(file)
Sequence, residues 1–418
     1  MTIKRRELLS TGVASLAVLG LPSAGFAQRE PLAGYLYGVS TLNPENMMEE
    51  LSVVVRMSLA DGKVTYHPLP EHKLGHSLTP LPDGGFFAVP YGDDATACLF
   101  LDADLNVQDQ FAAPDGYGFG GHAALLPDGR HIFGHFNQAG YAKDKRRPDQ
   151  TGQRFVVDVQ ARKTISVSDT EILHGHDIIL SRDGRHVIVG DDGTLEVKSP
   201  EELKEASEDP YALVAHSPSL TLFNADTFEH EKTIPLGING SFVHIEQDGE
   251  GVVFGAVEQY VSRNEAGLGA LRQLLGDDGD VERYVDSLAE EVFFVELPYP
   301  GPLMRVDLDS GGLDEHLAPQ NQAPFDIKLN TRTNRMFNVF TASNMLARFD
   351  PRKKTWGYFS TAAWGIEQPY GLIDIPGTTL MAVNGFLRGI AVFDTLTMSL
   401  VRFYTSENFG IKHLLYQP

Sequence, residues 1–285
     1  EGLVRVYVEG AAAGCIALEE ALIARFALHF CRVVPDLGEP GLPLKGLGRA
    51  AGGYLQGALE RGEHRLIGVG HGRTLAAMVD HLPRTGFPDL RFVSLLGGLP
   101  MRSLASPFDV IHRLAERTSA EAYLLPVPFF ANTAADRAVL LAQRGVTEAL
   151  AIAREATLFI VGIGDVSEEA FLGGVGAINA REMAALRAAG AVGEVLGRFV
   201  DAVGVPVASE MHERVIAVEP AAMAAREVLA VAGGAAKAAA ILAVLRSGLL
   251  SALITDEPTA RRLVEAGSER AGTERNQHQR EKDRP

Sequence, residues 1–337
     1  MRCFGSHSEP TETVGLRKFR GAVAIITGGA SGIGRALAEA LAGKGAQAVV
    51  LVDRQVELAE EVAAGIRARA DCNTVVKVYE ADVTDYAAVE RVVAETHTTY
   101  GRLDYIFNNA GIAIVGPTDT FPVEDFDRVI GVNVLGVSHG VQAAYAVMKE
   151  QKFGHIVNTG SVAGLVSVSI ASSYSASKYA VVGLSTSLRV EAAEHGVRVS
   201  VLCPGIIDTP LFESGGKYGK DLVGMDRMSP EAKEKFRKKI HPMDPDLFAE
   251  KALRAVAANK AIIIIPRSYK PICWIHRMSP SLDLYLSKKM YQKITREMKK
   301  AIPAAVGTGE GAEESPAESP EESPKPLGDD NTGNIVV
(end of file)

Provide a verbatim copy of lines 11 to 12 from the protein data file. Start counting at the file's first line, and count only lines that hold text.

Sequence, residues 1–285
     1  EGLVRVYVEG AAAGCIALEE ALIARFALHF CRVVPDLGEP GLPLKGLGRA